The rate of star formation in the early universe is mainly deduced based on a specific hydrogen-emission line observed in remote galaxies. It was already suspected that this Lyman-α line is strongly absorbed by dust but not to the extent now found by a careful study of the effect using the Very Large Telescope (VLT) of the European Southern Observatory (ESO). It turns out that on average only about 5% of the emitted radiation escapes the galaxies, which in turn means that almost 90% of remote star-forming galaxies cannot be detected by current methods.
The formation of the first galaxies and stars started in the first 100 million years after the Big Bang. Star-forming galaxies are characterized by the presence of short-lived, massive stars that emit predominantly ultraviolet light, which ionizes the gas in their neighbourhood. The recombination of ionized hydrogen results in a series of emission lines corresponding to the transition between different excitation levels of the atoms. The strongest lines are the Lyman-α emission at an ultraviolet wavelength of 121.6 nm and the Balmer H-α line visible in red at 656.3 nm. For a distant galaxy, these lines are observed at longer wavelengths because of the expansion of the universe. A galaxy at a redshift of z = 2 will have the lines shifted towards longer wavelengths by a factor of z + 1 = 3, making the Lyman-α line almost visible and moving the H-α line to the near infrared.
The Lyman-α line has an ideal wavelength to identify ionized hydrogen gas in high-redshift galaxies with telescopes operating in visible light. It is furthermore typically 8.7 times brighter than the Balmer H-α line, which makes it the prime tracer of star formation at high redshift. Lyman-α is however also a resonant line and this means that its photons scatter on neutral hydrogen. This is a problem because it keeps the Lyman-α photons inside the galaxy for a long time, so giving them a big chance to be absorbed by dust before eventually escaping the galaxy.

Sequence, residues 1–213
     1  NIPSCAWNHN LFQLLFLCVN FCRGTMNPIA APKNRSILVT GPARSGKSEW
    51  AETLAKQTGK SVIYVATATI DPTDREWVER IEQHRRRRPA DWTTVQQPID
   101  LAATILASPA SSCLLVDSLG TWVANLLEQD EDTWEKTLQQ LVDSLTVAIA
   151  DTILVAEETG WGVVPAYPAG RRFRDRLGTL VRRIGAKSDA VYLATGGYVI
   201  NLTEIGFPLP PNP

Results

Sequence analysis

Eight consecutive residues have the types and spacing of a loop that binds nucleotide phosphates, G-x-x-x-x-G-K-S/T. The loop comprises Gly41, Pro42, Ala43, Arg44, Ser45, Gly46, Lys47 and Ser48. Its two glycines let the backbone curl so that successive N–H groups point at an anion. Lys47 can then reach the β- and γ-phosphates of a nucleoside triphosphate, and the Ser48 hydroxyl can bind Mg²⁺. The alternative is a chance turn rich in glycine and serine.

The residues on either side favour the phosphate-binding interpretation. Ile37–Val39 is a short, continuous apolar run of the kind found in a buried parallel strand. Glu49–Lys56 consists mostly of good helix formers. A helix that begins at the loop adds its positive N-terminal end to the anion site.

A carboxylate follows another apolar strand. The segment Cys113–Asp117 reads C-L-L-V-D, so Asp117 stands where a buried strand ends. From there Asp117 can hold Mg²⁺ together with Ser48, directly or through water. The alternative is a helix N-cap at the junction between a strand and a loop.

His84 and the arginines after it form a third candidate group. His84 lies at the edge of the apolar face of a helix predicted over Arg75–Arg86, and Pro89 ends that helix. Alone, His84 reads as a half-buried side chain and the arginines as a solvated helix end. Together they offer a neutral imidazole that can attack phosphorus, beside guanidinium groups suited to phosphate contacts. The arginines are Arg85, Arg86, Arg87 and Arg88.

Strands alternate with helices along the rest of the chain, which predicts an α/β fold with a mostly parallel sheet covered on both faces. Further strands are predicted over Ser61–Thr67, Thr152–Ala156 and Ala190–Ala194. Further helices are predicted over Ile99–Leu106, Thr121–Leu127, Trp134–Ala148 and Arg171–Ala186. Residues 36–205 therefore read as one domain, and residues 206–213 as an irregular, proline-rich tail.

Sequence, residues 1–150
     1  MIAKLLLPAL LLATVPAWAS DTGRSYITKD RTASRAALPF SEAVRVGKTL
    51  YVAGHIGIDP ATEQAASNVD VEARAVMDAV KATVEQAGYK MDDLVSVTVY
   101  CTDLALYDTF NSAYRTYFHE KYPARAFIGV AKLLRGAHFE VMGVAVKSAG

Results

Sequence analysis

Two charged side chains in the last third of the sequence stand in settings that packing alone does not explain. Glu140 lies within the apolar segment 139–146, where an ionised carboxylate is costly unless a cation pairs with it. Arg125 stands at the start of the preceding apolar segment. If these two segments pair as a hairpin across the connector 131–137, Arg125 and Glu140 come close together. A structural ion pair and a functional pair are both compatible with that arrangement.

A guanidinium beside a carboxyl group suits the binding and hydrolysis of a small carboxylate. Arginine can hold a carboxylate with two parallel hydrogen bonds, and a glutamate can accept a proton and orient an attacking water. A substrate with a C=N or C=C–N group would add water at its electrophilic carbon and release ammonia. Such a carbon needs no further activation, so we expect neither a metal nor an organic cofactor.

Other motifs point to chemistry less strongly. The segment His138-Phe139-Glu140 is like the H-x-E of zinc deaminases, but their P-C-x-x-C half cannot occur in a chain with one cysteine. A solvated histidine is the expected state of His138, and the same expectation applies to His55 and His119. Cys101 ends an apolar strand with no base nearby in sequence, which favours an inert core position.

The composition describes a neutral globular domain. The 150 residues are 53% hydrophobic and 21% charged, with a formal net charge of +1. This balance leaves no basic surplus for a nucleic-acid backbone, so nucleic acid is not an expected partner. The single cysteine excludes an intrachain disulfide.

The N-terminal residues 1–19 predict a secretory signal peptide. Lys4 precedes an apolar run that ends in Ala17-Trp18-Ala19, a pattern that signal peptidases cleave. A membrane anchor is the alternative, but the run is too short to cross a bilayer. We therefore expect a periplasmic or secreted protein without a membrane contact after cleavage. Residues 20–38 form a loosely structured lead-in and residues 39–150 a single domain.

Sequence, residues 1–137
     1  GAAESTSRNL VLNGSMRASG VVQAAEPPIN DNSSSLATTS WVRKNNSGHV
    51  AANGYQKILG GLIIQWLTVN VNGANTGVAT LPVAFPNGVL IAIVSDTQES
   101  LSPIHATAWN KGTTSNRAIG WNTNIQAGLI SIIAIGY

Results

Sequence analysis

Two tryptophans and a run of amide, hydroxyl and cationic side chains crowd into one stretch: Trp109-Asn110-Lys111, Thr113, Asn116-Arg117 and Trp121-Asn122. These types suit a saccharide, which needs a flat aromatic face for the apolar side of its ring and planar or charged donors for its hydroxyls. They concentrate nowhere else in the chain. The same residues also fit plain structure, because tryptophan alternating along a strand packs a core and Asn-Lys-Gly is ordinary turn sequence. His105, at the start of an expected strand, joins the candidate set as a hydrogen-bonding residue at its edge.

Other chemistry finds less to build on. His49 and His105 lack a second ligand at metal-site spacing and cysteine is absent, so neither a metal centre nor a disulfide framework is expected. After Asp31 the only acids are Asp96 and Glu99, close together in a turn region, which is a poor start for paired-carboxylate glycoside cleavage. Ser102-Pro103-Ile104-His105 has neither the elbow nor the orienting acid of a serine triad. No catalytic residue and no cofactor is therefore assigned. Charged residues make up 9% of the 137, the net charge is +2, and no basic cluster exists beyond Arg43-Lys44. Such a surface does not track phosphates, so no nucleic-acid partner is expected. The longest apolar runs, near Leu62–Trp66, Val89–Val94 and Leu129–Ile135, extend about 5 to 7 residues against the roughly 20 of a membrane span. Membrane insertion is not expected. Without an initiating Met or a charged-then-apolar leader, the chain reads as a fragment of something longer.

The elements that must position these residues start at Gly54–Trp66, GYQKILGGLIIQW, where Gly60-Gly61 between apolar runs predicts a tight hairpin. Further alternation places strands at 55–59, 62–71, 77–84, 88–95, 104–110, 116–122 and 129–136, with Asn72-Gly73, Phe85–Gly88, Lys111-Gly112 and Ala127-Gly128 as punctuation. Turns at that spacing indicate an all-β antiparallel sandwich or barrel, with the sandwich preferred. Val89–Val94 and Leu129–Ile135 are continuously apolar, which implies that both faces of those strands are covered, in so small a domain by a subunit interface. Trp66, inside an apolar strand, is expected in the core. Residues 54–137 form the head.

The determination of the escape fraction of Lyman-α photons from the galaxy is difficult to assess. Model-dependent estimations based on galaxies observed at high-redshift (z = 2–3) previously suggested an escape fraction between 30% and 60% on average. This is far above the measurement obtained now by an international group of astronomers lead by Matthew Hayes from the Observatory of the University of Geneva. They have obtained an escape fraction of 5.3 ± 3.8% with a firm model-independent upper limit of 10.7 ± 2.8% at a redshift of z = 2.2, which corresponds to galaxies whose light took 10 thousand million years to reach Earth (Hayes et al. 2010).
The result was obtained by looking at a field of galaxies with dedicated narrow-band filters to get the Lyman-α and H-α line emission at this particular redshift. The GOODS-South (Great Observatories Origins Deep Survey) field of view was chosen because it was observed previously by different instruments, which had already characterized the properties of its galaxies. A custom-built filter for Lyman-α was mounted on the FOcal Reducer and low-dispersion Spectrograph (FORS) camera on one of the four 8.2-m telescopes of the VLT, while the H-α line emission was recorded by the new High Acuity Wide field K-band Imaging (HAWK-I) camera attached to another VLT telescope.
The analysis of these unique observations shows that the Lyman-α line is undetectable in most star-forming galaxies. Indeed, 90% of the galaxies remain unnoticed, such that for every 10 galaxies detected, there should be 100. The determination of this huge proportion of missed galaxies will allow astronomers to obtain a far more accurate description of the history of star formation in the universe.
M Hayes et al. 2010 Nature 464 562.